Jerusalem, April 9 – Palestinian Authority President Mahmoud Abbas is expected to send a letter to Israel next week detailing preconditions for the renewal of peace talks and threatening unilateral action if his demands aren’t met.
Abbas will give Israel one month to respond positively, otherwise the Palestinians threaten they will again turn to the United Nations, theHa’aretz Newspaper reported.
The letter is expected to state that the Palestinians will not return to the negotiating table unless Israel first stops all construction in the West Bank and East Jerusalem, accepts a Palestinian state based on the 1967 ceasefire lines, and releases Palestinian political prisoners, the Palestinan Ma’an news agency reported.
Israeli Prime Minister Benjamin Netanyahu has previously stated Israel wants direct peace talks to resume immediately, with no pre-conditions.
It is not clear if the Abbas move is due to the breakdown in unity talks with the rival Hamas terrorist organization that took control of Gaza in 2007 after ousting Abbas’ Fatah government there in a bloody coup. Peace talks have been stuck in part due to the Palestinian split, with Abbas ruling in the West Bank and Hamas controlling Gaza.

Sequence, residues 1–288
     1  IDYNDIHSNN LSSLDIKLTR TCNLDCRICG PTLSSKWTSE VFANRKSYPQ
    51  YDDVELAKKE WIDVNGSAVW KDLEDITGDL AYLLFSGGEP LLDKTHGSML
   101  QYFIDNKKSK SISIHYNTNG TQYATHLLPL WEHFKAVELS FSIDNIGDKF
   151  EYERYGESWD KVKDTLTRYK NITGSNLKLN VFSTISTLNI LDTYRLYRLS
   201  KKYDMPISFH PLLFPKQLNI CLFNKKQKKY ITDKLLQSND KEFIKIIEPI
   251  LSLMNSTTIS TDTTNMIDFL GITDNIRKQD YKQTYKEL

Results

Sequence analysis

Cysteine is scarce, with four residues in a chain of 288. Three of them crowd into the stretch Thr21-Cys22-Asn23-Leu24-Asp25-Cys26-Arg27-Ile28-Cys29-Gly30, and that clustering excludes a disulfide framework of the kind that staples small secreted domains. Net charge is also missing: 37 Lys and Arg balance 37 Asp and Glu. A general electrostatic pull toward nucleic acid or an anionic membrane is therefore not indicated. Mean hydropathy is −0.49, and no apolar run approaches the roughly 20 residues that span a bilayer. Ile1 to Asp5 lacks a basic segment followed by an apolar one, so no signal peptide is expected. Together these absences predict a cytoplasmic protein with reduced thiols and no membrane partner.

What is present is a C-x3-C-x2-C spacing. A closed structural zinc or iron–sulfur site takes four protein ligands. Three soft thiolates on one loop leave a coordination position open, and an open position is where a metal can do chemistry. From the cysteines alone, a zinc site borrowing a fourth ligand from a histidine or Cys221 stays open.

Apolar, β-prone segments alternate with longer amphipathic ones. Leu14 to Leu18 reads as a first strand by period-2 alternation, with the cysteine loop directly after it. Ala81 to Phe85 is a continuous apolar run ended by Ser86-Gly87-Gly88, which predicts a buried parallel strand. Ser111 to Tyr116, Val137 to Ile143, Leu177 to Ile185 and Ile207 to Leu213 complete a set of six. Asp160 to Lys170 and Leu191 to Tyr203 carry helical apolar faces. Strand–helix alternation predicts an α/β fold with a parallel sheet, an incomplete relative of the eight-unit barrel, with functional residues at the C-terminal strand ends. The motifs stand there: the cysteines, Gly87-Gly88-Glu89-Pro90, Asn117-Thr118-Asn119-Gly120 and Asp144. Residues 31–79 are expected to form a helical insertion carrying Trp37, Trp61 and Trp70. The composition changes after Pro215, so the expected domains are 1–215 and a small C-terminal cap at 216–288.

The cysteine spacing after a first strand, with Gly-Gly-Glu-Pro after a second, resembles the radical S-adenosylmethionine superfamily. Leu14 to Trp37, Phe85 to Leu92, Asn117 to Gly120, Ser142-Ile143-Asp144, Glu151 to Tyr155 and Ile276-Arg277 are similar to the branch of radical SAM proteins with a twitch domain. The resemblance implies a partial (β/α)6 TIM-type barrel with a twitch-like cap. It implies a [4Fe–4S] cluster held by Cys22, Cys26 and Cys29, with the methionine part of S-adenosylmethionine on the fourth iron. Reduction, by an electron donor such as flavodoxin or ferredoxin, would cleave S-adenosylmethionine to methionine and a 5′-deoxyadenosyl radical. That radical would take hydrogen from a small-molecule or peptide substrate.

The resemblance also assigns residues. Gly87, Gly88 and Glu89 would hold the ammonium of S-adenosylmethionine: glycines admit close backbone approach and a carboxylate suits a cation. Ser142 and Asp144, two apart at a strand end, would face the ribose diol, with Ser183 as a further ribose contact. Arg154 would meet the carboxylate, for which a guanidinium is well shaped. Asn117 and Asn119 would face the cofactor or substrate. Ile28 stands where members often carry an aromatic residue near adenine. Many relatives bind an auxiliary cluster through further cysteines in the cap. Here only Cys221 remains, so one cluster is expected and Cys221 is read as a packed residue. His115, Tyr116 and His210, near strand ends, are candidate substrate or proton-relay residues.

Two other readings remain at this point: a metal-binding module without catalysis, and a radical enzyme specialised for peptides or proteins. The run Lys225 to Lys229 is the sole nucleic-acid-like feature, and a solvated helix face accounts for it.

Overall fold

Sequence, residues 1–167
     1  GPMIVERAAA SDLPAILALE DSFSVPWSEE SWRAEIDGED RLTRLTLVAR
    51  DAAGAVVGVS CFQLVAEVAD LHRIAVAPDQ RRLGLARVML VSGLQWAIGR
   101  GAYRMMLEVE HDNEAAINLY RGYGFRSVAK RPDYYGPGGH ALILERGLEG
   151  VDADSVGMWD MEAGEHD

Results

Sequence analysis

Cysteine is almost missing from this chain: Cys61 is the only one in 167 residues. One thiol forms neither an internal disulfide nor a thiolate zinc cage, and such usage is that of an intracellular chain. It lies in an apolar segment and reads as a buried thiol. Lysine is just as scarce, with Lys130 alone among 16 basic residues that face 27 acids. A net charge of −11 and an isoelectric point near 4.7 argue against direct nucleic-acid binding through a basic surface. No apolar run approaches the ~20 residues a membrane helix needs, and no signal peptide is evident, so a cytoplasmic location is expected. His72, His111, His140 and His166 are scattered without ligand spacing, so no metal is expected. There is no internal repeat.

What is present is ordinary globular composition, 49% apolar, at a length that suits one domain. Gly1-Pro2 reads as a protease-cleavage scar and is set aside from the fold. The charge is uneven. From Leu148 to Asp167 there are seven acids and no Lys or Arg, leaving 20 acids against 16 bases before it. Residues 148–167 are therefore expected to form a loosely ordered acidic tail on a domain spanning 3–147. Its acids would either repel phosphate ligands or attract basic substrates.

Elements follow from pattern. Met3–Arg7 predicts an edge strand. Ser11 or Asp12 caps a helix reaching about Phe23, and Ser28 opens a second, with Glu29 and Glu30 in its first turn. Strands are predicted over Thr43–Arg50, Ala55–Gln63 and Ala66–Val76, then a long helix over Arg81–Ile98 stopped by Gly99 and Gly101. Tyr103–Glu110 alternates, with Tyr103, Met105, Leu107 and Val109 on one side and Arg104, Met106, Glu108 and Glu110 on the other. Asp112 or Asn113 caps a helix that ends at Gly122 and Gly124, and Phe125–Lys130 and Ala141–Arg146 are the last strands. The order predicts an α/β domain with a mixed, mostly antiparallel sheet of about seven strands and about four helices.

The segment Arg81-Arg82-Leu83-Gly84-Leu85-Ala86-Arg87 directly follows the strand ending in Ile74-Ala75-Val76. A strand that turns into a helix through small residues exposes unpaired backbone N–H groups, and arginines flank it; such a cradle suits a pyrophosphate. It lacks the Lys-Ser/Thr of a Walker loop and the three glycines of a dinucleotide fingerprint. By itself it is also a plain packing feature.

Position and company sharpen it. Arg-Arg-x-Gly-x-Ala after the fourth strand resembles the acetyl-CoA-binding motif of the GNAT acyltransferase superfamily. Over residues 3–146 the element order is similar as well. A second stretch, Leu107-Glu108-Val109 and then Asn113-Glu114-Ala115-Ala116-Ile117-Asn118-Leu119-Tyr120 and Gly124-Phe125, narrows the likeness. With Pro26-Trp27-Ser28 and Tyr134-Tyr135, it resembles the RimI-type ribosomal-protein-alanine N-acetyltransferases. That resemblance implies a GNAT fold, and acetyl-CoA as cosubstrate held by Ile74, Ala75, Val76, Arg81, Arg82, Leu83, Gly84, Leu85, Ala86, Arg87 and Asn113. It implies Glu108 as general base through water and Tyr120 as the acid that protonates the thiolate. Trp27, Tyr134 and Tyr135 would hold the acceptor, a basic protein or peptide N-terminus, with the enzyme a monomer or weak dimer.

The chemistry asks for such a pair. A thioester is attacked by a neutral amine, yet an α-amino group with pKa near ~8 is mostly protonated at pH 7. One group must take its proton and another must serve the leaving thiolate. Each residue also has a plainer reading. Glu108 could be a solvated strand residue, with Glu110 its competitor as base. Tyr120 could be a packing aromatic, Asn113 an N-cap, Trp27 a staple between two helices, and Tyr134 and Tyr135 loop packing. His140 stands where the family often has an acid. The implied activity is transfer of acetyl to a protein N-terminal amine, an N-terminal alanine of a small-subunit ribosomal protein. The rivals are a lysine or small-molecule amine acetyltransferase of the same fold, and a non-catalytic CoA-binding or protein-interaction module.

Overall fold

Hamas rejects the peace process and has repeatedly stated its refusal to sign a peace treaty with Israel, saying its goal is armed conflict to destroy the Jewish state. “I have said several times in the past that the Palestinian Authority must choose between an alliance with Hamas and peace with Israel. Hamas and peace do not go together,” Netanyahu said in February when Abbas announced the reconciliation deal with Hamas.
Over the weekend, Palestinians in Gaza fired three more rockets at Israel from Hamas-controlled Gaza, bringing the toll to some 342 rockets and mortars fired at Israeli civilian targets so far in 2012.
“Perhaps Abbas is willing to talk again to Israel because both the U.N. statehood bid and the reconciliation with Hamas are going nowhere,” the Times of Israel commented. “But if he and Netanyahu do not change key policies and positions, the same will be said of the upcoming effort to resume negotiations.”